Interviews and assessment centres

'What is your biggest weakness?' Tricky graduate interview question

25 Jan 2023, 13:38

The ‘biggest weakness’ interview question appears to be asking you to reveal your shortcomings but, if you use the right tactics it can be a golden opportunity to show that you're right for the job.

The image shows a woman struggling to answer an interview question about her biggest weakness.

When you're being interviewed you want to show yourself in the best possible light, so what do you do if you are asked to talk about your biggest weakness as an interview question? You’ll need to think about it in advance to be in a much better position to come up with a response that tackles the question but still helps you to come across in a positive light. Read our guide below as we take you step by step through the options you have to answer the question ‘what is your biggest weakness’ at a job interview.

Why are you being asked about weaknesses? | Match your weakness to the employer | How to answer the biggest weakness interview question | How to identify your biggest weaknesses

Short on time? Discover two answers to this question in under 2 minutes

Our targetjobs career expert shares two great ways to answer the classic interview question ‘What is your biggest weakness?’ – one example that shows you overcoming a weakness and one example that shows you showcasing your strengths.


Our targetjobs career expert shares two answers to interview questions about your weaknesses.

Why is a graduate recruiter asking you about your biggest weakness at interview?

This question is designed to test analytical abilities and self-awareness, so having a confident answer to this will impress. You’ll need to avoid taking a self-deprecating approach in an attempt to win the interviewer over.

When you are being asked the ‘biggest weakness’ interview question, you need to understand that you’re not being asked about shortcomings. That is certainly how it appears at first glance, and it will likely trigger your instincts to keep your flaws as well hidden as possible. Instead you need to respond according to what the recruiter is testing:

  • Self-awareness – you are being asked to talk about something that is personal. You need to determine what is unique to you and determine what skills and traits you have, as well as be able to articulate them clearly.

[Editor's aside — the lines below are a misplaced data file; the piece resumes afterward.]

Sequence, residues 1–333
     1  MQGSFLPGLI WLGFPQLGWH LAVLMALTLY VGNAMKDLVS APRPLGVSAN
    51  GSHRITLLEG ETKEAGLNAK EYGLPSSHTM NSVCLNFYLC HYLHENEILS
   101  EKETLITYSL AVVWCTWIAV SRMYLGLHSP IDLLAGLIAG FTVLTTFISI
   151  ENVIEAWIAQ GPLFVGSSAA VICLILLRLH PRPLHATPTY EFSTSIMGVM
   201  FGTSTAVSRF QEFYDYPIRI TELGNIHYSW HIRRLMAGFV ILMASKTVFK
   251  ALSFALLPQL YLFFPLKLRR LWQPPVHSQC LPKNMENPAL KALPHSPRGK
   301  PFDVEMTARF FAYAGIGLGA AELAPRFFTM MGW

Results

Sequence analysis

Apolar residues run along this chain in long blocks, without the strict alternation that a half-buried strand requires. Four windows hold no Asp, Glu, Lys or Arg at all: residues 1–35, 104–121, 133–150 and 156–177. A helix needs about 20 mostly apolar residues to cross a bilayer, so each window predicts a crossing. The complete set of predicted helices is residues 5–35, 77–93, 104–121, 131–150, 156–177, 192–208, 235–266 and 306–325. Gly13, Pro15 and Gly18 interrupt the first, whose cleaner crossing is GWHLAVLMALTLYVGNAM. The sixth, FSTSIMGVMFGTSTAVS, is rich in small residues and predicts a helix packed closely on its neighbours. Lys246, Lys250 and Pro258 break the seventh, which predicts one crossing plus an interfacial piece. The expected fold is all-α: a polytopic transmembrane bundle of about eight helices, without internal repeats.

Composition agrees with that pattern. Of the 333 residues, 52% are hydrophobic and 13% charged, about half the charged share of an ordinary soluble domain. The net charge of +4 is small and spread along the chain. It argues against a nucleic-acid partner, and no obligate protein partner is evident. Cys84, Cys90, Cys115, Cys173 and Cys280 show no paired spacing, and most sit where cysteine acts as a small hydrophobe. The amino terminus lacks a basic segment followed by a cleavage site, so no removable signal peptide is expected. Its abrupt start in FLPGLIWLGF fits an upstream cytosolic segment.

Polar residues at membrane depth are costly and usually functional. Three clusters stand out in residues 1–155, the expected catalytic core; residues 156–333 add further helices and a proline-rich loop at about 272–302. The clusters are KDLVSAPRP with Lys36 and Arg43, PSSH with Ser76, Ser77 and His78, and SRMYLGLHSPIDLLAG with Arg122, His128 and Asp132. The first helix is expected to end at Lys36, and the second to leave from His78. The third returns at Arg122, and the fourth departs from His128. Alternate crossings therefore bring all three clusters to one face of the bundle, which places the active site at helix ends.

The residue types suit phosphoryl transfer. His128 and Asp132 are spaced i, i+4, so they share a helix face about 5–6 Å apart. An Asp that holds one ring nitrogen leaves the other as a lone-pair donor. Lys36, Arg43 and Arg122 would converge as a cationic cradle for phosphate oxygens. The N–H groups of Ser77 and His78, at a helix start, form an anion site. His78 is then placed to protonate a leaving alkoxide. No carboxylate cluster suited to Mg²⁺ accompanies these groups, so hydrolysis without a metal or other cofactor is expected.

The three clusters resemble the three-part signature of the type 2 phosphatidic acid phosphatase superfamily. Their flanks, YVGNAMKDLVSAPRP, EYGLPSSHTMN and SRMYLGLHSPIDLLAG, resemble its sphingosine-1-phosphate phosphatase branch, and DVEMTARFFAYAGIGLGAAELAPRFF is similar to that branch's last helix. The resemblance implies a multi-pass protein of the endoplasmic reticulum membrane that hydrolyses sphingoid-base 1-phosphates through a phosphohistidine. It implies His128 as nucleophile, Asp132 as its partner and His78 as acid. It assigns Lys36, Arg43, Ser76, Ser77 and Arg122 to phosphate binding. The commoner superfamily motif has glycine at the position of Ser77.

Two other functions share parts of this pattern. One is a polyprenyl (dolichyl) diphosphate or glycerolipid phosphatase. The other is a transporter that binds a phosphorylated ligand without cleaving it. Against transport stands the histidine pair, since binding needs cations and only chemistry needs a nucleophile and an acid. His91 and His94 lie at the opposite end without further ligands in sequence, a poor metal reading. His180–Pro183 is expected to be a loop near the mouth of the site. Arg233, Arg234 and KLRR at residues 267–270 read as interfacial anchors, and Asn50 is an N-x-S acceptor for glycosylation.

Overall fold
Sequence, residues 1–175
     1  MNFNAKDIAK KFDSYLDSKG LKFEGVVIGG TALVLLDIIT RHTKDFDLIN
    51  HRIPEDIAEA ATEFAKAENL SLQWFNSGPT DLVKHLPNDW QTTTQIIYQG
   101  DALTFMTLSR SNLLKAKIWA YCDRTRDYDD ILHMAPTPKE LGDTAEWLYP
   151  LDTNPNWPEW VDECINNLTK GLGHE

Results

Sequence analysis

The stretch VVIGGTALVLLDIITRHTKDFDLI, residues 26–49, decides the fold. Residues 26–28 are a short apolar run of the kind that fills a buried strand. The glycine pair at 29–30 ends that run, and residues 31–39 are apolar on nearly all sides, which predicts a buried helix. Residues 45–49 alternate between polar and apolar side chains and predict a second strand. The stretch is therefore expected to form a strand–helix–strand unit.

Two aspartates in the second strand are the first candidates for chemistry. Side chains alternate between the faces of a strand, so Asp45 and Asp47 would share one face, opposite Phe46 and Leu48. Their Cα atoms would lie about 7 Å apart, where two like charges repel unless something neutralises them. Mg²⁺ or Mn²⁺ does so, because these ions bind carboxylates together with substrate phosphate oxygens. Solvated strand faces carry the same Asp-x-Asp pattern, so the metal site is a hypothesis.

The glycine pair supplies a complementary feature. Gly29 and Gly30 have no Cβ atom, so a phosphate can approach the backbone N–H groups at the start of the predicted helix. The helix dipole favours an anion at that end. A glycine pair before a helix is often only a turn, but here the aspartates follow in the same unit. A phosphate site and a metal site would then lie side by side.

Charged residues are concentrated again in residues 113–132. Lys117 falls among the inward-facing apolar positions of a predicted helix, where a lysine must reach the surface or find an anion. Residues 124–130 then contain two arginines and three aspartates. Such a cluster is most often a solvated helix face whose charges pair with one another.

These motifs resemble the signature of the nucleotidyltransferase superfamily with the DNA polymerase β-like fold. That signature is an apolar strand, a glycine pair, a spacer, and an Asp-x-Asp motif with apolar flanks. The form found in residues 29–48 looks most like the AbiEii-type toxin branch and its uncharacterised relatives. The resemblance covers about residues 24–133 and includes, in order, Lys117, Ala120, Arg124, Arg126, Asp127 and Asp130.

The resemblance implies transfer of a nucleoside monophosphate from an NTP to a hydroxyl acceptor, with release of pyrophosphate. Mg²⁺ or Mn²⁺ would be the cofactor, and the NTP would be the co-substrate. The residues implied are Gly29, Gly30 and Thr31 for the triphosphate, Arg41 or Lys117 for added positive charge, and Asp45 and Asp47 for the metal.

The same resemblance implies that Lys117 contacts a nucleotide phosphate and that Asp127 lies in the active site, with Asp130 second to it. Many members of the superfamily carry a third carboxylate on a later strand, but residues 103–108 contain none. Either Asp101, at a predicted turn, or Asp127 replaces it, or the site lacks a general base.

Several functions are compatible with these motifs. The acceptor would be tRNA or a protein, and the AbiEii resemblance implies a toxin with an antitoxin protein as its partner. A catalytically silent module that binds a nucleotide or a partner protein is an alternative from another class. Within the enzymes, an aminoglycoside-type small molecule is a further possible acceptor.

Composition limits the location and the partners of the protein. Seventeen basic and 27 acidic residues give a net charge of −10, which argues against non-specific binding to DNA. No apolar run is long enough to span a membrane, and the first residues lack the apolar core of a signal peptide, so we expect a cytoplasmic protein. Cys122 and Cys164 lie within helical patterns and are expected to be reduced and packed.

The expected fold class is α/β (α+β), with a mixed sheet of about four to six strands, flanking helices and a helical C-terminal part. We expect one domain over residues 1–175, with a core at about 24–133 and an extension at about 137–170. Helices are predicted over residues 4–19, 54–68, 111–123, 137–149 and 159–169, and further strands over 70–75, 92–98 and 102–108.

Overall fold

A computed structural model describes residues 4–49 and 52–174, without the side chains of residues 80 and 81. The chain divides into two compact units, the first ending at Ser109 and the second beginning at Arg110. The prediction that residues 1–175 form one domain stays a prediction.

• Analytical ability – after you’ve determined the qualities that you have, you’ll need to grade them appropriately according to which is ‘weakest’. You don’t necessarily want to blurt out your failings, but rather you’ll need to analyse how you can improve on the weaker end of your skills/traits.
  • Confidence – can you hold up to criticism or examine weakness without getting frustrated, upset or losing focus? Working life will have its own pitfalls, recruiters want to see that you can talk about your biggest weaknesses without letting them rule you.
  • Honesty – is it genuine? Is this really an aspect of your personality or have you just picked an example off the internet? Recruiters do want to know who you are as a candidate and will likely be able to tell if you have pinched examples off of the internet. However, if you’ve followed the points above, hopefully you’ve reached a stage where you have managed to identify big weaknesses that are personal and unique to you.

Match your biggest weakness to the employer

‘What is your biggest weakness?’ is a common question at job interviews, which means that it is a good idea to prepare some answers in advance and draw on your research into the organisation and the role you are applying for. If there are certain kinds of task you feel you do not excel at and these are not listed as key requirements on the job advert, you could make these the focus of your answer. However, it's still worth trying to show how you manage when you are called upon to draw on skills that are not your natural strength. In the examples below, we look at what might be mentioned on a job advert for a sales role or teamworking role. Think about what might be listed as the key competencies or desirable skills and how you might adapt them to suit what your biggest weaknesses (and strengths) are.